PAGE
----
Wednesday, March 26, 2014

The Science of Eco-Friendly Furniture for Responsible Consumers

Responsible consumers are able to do a number of things to cut down on their carbon footprint, such as reusing fabrics from old clothes (think thrift store vintage), reupholstering old furniture and staying away from vinyl at all costs but does everybody know why these things are important? The science behind responsible choices, such as furniture that off-gasses cancer causing VOCs, may be alarming enough to get America thinking. Something as simple as purchasing a new sofa can impact the environment in a number of ways depending on the material it’s made out of.

Bad material choices start with endangered species.
Too many consumers don’t know about the endangered wood species that make up their beautiful dining room table. Reclaimed wood or wood with a certificate from the Forest Stewardship Council (FSC) certified are the environmentally friendly options. Notice that a “chain of custody” (CoC) certification is not the same thing as an FSC, so don’t deal with retailers who promise this CoC.

Don’t close your eyes to the problem of buying exotic tropical hardwoods like Brazilian Cherry. This wood has become the number one export in Brazil, which is in extremely high demand and goes toward the support of illegal logging in the Amazon Rain Forest.  With all of the alternatives  on the market not contributing to the loss of unique ecosystems and the ever greater threat of global warming, why choose endangered wood?

Why vinyl should be a figment of our shameful past.
Vinyl is cheap, but it costs the environment a pretty penny. All of the vinyl patio furniture, table cloths, and toys are destined to lay in landfills till the end of time, or until they start to degrade. The degradation of vinyl gives off a poisonous gas that harms the liver, lungs, kidneys and cardiovascular system according to the EPA and the Agency for Toxic Substances and Disease Registry.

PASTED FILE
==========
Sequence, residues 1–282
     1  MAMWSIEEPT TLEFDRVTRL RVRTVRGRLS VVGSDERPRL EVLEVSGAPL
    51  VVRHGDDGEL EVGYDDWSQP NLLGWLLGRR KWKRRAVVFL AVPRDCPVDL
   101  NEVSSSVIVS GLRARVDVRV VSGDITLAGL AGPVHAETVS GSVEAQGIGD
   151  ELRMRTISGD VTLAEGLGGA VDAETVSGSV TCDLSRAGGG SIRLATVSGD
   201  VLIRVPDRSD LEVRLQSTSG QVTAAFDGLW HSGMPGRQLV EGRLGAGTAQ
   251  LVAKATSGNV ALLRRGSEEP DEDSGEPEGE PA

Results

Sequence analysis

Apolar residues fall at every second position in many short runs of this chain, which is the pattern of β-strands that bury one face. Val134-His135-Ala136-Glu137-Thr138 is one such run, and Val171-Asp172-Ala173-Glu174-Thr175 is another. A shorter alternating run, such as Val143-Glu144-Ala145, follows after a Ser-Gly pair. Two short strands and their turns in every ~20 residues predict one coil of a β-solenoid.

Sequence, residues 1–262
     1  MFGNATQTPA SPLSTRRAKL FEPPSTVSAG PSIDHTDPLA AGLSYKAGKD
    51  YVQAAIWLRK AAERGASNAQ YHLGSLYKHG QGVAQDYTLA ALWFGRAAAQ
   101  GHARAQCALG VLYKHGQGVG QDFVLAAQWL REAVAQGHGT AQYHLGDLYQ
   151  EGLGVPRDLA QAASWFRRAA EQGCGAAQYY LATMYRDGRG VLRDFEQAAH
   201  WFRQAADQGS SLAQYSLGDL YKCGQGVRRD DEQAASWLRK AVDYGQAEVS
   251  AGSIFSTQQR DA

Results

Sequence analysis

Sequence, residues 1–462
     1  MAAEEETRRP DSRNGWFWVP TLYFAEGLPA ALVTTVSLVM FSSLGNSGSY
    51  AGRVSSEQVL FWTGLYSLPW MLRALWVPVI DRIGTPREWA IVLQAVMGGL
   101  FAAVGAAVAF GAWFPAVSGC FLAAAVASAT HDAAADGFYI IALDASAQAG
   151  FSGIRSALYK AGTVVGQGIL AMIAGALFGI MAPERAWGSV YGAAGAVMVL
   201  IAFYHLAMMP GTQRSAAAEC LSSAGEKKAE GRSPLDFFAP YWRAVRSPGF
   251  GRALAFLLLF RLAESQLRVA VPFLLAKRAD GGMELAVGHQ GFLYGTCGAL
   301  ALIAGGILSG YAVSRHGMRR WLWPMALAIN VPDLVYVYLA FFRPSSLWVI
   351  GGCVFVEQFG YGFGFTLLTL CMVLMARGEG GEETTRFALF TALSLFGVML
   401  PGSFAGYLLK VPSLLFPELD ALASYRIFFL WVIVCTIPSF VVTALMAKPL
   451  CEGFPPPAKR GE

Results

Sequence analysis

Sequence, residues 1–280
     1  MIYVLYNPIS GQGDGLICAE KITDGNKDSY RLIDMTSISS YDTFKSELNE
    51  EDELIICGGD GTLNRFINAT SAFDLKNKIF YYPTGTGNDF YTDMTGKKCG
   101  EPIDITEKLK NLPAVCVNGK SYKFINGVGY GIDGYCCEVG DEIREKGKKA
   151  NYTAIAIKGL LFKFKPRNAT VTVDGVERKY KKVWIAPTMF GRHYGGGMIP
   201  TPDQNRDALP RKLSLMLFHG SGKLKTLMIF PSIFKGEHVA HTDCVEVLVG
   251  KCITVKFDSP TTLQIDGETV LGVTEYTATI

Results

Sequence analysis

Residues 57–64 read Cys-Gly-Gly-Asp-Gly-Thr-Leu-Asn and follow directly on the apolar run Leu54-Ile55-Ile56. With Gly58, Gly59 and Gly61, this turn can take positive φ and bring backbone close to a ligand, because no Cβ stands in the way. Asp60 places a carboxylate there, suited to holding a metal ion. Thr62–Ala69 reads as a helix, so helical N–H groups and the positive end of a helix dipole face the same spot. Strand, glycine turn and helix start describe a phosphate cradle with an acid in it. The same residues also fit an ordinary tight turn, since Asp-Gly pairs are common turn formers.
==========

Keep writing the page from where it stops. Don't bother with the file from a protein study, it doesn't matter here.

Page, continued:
Vinyl can seem like a harmless plastic, but it’s not a plastic at all. It’s just a chemical compound that is made using an extremely hazardous waste known as vinyl chloride. Vinyl chloride is used to make the vinyl, but interestingly enough it is found in landfills. You might expect to find it near the manufacturing plants and hazardous waste sites, but the fact that it is found in landfills has tipped researchers off to the degradation of vinyl. How could we expect the apple to fall so far from the tree?

Shifting values with our power as consumers.
Part of the planetary health puzzle involves choosing wisely when making purchases and then again when something breaks or is grown tired of. Choosing durable, eco-friendly furniture that will last through generations will stop the landfills from piling up choices.
Furniture covers can extend the life of quality outdoor furniture and keep it out of the landfills for a longer period. In the technological age that we are in, is it really a surprise that eco-friendly options exist? Look for breathable fabrics like this alternative to vinyl or vinyl coated polyester covers that only breathe if vents are built into them.

The mindset of making repairs rather than dumping the old pieces for a new model also must be adopted. This mindset along with good choices in picking out the furniture in the first place and protecting it from wear can go a long way in reducing environmental impact.

Don’t get too excited about your VOC-free hairspray yet.
Volatile organic compounds (VOCs) are everywhere. They are a family of chemicals that are off-gassed from manufactured products, the most common in households are flame retardants and formaldehyde. Cancer, birth defects, and endocrine disruption have all been linked to VOC consumption. Going forward, buy furniture certified by Greenguard which ensures low toxiciity or buy used goods.

Lisa Henfield is an environmental activist and freelance writer. She contributes to Mother Earth Living and spends her days thinking about her city’s carbon footprint. 

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